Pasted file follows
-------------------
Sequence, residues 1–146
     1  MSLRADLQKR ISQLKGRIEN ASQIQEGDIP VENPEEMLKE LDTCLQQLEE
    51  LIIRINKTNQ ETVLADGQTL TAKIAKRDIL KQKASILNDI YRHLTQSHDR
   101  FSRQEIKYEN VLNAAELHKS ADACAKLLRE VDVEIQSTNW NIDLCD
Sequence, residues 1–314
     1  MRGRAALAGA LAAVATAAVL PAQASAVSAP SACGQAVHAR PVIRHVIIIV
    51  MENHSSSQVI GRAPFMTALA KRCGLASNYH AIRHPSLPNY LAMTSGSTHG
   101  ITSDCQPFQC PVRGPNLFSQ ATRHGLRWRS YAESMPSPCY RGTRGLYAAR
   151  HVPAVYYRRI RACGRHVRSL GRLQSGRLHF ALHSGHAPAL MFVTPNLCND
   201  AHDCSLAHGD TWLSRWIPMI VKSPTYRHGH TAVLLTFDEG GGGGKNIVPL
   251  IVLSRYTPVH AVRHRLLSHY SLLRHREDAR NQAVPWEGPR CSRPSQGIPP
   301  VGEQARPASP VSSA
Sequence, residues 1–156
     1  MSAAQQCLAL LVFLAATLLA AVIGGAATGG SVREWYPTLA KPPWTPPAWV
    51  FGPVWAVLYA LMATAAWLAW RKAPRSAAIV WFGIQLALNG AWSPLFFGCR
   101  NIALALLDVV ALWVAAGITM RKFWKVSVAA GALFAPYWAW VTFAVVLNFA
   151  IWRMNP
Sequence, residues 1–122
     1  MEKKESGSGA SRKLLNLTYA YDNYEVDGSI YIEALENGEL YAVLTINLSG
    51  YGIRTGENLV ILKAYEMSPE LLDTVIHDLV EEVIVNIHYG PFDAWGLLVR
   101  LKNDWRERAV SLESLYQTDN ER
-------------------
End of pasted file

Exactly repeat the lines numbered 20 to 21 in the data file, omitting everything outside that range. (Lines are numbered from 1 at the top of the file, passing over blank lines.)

    51  YGIRTGENLV ILKAYEMSPE LLDTVIHDLV EEVIVNIHYG PFDAWGLLVR
   101  LKNDWRERAV SLESLYQTDN ER